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Hunter

ID this log please

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Another wind wind blown tree in our wood.

Tree tip was crossing the fence to farmer field and I guess farmer had trimmed it.

I hope it is Oak but I am not sure, there is no signs of rot.

I did not have a tape with me but it is very long and I was unable to cross my arms around it so I guess over 20 inch thick.

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Definetly an ash, I've milled some over the years and not had much use for it really,very rarely do I get anyone ask for it either, not to say you won't, but better return on splitting it ,and turning it or if milling then ok for chopping boards but can be bland unless some nice dark centre detail,

Ash has many uses,it's just finding the right person,

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It is ash, and it can be milled (anything can be milled!) but whether to bother or not depends on your plans for it.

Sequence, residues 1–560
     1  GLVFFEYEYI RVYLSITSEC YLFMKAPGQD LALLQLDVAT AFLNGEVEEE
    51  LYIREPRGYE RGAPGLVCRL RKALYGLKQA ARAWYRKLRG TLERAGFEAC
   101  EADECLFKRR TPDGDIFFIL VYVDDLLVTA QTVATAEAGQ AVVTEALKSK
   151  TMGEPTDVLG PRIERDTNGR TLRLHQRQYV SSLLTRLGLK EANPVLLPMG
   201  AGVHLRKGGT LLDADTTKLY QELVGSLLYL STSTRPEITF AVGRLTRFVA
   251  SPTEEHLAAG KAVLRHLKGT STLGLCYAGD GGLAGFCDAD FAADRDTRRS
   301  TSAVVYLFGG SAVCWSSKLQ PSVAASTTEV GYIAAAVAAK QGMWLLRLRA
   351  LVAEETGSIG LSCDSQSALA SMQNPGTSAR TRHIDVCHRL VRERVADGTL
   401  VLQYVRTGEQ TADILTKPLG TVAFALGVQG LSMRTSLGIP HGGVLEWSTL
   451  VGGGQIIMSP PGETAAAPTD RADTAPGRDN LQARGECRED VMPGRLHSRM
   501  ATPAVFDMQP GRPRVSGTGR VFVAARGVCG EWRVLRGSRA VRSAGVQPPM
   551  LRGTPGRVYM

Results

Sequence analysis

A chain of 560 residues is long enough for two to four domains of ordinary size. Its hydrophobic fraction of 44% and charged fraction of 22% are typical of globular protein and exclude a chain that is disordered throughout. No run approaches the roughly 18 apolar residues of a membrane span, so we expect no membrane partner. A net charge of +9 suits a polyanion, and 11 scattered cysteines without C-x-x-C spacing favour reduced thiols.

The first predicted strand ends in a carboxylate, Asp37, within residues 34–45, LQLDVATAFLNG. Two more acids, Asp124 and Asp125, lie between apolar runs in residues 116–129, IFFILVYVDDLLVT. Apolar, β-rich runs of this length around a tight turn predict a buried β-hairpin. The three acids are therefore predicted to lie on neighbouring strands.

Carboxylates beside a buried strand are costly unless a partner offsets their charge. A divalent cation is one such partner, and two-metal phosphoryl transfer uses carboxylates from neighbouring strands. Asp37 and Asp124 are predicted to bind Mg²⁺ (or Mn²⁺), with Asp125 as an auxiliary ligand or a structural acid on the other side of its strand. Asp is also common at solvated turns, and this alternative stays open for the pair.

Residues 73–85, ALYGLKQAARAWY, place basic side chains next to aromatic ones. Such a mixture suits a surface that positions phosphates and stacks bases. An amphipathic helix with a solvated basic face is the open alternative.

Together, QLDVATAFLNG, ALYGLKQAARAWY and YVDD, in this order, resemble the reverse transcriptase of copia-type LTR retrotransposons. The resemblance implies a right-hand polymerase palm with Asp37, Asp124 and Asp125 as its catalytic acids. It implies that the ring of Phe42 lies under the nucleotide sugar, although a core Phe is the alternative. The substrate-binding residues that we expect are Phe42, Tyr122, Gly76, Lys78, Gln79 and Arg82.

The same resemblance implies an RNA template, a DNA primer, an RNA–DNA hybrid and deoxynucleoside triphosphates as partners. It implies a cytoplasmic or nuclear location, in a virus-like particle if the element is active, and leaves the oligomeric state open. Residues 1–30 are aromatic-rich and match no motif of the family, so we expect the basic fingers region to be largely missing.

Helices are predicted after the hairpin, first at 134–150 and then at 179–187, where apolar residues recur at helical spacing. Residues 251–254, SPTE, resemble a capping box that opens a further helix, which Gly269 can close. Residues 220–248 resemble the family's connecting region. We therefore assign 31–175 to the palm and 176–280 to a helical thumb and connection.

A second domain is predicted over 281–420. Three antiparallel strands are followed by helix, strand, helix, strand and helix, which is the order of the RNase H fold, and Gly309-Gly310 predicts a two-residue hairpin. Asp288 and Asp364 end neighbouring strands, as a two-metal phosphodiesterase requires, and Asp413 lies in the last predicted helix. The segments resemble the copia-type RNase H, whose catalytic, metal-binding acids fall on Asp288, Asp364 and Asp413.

If you were planning to sell, I would make sure you had a buyer lined up as otherwise it could sit around for a while. If you want it for your own use, it can make a nice, lighter coloured floor which looks good in a more modern house, or simple, plain-lined furniture (think Scandinavian).

 

Whilst it's overkill, it is also superior to something like spruce for general construction of sheds etc. so if you have plans in that direction it will save you money overall to have this milled rather than buy in the timber from a builder's merchant. If you do go this route, bear in mind that for anything which needs to pass building regs you will need to ensure compliance with visual grading standards and this can be a tricky argument to have as building control officers are not likely to be familiar with it, or to trust you. It's also important to make sure you have your full cutting list worked out as you can't exactly nip back and get another bit.

 

If you do use it for anything even semi-structural such as shed frames and rafters, bear in mind that it is not naturally durable so I would want to treat it all heavily against insect attack before it was installed. Wykabor just after milling, before stacking for seasoning, would be my choice.

 

If you do mill it, don't write off the bends. They can make good frame sections if you want a rustic look in a shed, or if cut the right way they can be handy for handles on tools such as axes.

 

Alec

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